Robert Ryan



  1. Charles Boyer, The Arch of Triumph, 1947.    Enterprise Productions wanted to loan RKO’s Ryan for Ingrid Bergman’s lover. RKO refused by insisting upon “unmeetable demands.” He was lucky to escape the massacre of Erich Maria Remarque’s  great novel.

  2. Victor Mature, Samson and Delilah, 1948.  
    Cinemperor Cecil B DeMIlle first planned the epic in 1935 for Henry Wilcoxon and Miriam Hopkins.   Next in line, producer David O Selznick envisaged Kirk Douglas and Marlene Dietrich… By ’48, CB got serious. So did James Mason – suggesting $250,000. (DeMille showed him  the door). He toyed with Roberts Mitchum, Ryan  and Taylor; ruled out  Lex Barker (he became a five-time Tarzan) and Burt Lancaster –  too inexperienced, a bad back and  “bad” politics. Other also-rans went from longtime CB acolyte John Bromfield, Rory Calhoun, Jim Davis (future father of JR in Dallas),  Errol Flynn, William Hopper (Hedda’s son!), John Ireland, Glen Langan, Willard Parker… to the youngest new evangelist in town, Dr Billy Graham!. Then, CB was telling 22-year-old Steve Reeves, to tone down his muscularity – while packing Mature  off to the gym to beef his up!  Here’s a review by Groucho Marx:No picture can hold my interest where the leading man’s bust is larger than the leading lady’s!”

  3. Raymond Massey, Dallas,  1949.      A fine  old-fashioned Western  with a fine old-fashioned villain – Massey at his best worst, leading Steve Cochran and Zon Murray on the run from Gary Cooper’s vengeful renegade-turned marshal Reb Hollister.
  4. Robert Mitchum, Where Danger Lives, 1949.   A Roberts battle. One story said Leo Rosten’s thriller was bought for Mitchum. Another said, for Ryan.  Mitchum won as RKO continued damage limitation after his mariuana bust (which actually seemed to do him so much good, one wonders if it was not all studio planned). Snared between Faith Domergue and Maureen O’Sullivan, he had to be careful where he put his hands. Domergue was his boss Howard Hughes’ latest, er, find and O’Sullivan was wed to his director, John Farrow.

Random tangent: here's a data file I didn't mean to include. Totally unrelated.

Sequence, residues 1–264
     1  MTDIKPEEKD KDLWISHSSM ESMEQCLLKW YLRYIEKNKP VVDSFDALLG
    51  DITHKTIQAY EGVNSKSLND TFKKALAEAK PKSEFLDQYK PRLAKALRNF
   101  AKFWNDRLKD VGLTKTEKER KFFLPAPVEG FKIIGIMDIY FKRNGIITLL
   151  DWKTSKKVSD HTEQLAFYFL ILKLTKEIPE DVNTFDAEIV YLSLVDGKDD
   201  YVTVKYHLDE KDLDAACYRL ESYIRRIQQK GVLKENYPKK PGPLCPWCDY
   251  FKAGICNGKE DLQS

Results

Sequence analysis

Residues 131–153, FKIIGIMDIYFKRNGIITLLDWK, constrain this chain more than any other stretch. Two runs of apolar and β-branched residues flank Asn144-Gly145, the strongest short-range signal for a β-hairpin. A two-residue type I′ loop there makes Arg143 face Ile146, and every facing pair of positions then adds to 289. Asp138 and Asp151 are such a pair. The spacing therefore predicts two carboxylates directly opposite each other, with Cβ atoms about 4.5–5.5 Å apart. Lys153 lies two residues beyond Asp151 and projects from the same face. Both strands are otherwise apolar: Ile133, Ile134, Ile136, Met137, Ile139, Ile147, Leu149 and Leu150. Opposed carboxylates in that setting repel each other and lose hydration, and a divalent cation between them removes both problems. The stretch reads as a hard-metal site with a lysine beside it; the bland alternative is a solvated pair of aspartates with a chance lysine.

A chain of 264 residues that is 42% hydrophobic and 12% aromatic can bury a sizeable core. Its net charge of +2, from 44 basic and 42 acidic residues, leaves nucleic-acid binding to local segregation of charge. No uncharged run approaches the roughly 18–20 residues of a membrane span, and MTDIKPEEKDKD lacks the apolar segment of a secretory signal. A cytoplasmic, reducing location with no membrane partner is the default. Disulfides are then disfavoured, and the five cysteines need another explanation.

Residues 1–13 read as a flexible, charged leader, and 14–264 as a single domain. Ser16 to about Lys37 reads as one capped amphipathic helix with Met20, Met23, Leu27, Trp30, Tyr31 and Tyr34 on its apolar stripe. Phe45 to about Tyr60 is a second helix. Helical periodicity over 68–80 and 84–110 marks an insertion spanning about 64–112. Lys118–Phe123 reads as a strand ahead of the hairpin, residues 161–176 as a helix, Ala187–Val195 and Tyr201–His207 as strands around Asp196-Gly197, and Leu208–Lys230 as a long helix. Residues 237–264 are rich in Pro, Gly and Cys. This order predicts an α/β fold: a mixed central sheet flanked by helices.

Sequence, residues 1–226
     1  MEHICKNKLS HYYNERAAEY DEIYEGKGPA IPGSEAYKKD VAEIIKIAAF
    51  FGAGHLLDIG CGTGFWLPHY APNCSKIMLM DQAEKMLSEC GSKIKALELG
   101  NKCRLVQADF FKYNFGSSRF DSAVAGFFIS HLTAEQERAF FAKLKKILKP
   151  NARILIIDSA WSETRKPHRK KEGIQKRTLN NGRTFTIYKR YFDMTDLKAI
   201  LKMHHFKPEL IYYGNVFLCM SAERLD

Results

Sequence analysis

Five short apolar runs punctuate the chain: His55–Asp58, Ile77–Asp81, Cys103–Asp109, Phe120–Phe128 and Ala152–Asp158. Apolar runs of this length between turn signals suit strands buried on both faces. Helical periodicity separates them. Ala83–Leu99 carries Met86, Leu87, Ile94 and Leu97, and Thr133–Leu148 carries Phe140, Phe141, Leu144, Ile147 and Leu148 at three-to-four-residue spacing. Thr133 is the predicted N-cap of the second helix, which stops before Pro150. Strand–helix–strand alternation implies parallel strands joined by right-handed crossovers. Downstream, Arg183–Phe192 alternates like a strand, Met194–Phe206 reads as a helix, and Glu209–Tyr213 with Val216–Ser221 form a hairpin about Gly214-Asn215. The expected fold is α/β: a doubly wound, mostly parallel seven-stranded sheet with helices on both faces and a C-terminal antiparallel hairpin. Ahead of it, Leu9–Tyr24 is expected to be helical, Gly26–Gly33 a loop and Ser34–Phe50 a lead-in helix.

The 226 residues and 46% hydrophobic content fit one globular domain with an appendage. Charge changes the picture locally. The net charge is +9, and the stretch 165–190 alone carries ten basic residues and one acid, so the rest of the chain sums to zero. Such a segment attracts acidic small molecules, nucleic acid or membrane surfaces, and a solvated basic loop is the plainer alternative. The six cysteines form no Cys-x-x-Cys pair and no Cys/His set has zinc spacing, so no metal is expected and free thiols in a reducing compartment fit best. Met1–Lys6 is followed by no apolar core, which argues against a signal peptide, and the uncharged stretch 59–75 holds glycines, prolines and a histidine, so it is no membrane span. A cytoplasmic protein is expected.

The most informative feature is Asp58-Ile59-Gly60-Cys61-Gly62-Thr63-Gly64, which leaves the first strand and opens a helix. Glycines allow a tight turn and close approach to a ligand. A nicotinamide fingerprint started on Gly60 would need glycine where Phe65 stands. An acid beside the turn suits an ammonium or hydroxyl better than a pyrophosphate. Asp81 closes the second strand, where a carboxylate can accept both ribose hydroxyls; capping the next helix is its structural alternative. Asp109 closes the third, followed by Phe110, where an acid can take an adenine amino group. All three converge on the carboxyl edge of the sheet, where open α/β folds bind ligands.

5. John Hodiak, Battleground, 1949.   Producer  Dore Schary had booked  Roberts Mitchum and Ryan, plus Bill Williams for The Battle of the Bulge script about  “The Battered Bastards of Bastogne”. No, said RKO’s owner Howard Hughes: people are tired of war films. Schary moved to MGM – where his new boss, LB Mayer, said much the same.  Schary insisted and the film  was such a winner than he  was  swiftly elected to the Metro board and Mayer was  fired in 1951.
  6. Ray Milland, A Life of Her Own, 1950.    Or The Abiding Vision when Vincente Minnelli was due to direct Cary Grant opposite Lane Turner’s comeback after three years away. When Cary proved unavailable, new director George Cukor  looked over James Craig, Howard Keel, James Mason, George Murphy, and Robert Ryan. Cukor chose Wendell Corey. La Turner did not and had him fired. Enter: Ray Milland.
  7. Victor Mature, The Las Vegas Story, 1950.      Laura scenarist Jay Dratler’s original script (not many of them to the pound) went from Burt Lancaster at Warner in 1948 to Ryan (or Robert Mitchum) at RKO in January 1950, before Mature arrived from Fox with his one RKO movie a year deal in November.